China Communications Construction Co., the nation’s biggest builder by market value, plans to more than double the assets of a unit managing toll-roads and bridges to shield earnings from swings in construction demand.
The company plans to boost its investment unit’s net assets to 20 billion yuan ($3.2 billion) by 2015 from 9 billion yuan at the end of 2011, Chairman Zhou Jichang said in an interview in Hong Kong yesterday. The unit will also run facilities such as ports and business parks, rather than just building them.
The push for operations deals at home and overseas will help the Beijing-based company offset fluctuations in Chinese construction caused by state policy, Zhou said. The company, which helped build the new San Francisco Bay Bridge, has said orders growth may drop to 9 percent this year from 11 percent last year as the government eases stimulus measures.
“Orders slow immediately if the government tightens monetary policy,” Zhou said. “We must address this situation and reduce the impact.”
The builder expects the investment unit to account for 20 percent of profit by 2015 and 40 percent in the long term, he said. It generated 1 billion yuan of profit last year, or about 8.5 percent of total earnings, he said. China has pared its economic expansion target to 7.5 percent this year from the 8 percent goal in place since 2005.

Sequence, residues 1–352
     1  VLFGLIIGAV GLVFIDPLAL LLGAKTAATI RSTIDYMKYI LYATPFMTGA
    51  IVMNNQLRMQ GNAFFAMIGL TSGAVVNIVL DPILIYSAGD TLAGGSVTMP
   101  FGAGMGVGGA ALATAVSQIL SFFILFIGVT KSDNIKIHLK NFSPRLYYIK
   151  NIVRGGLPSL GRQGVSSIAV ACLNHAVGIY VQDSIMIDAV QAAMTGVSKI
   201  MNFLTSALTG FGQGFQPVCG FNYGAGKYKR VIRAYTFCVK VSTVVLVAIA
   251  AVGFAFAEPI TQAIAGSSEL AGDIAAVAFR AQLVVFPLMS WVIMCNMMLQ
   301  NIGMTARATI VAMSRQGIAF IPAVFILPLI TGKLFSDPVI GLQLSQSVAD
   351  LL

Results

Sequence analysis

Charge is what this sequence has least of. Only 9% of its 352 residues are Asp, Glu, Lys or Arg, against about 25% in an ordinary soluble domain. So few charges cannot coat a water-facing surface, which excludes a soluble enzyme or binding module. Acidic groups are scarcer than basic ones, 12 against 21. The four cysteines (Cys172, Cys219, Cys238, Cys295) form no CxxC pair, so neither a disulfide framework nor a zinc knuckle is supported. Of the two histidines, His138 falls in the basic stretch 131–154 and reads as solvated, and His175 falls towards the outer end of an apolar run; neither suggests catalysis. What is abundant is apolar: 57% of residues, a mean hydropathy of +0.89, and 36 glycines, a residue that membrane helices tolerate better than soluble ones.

The company, which also operates China’s largest fleet of dredgers and builds port cranes, raised 5 billion yuan in a Shanghai share sale earlier this month. That was 75 percent less than a previously announced target.
The Shanghai stock rose 0.5 percent to 5.57 yuan at the close. That’s 3.1 percent more than the share sale price. In Hong Kong, the builder rose 4.4 percent to HK$7.79, extending gains this year to 28 percent.
The company will open a unit based in Hong Kong later this year to help win investment deals overseas, Zhou said. The company has already won building contracts in the Middle East, Africa and Asia. It is seeking to enter markets including South America, Russia and Eastern Europe, he said.
The company’s operating assets in China include the Beijing Capital Airport expressway, Chenglingji New Port on the Yangtze River in Yueyang, and the Liancheng Bridge in Xiangtan, Hunan province. Such deals are often awarded as build-operate-transfer agreements, where a private operator runs an asset for a number of years and collects fees before handing it to the government.
“This is a new business model for us,” Zhou said. “In the past, we bid for building projects with low margins, now it’s different. We invest, so you must give me the whole project.”
The company also said earlier this week it plans to issue as much as 12 billion yuan of bonds with maturities of five to 15 years. Zhou didn’t give any further details on the timing of the offering.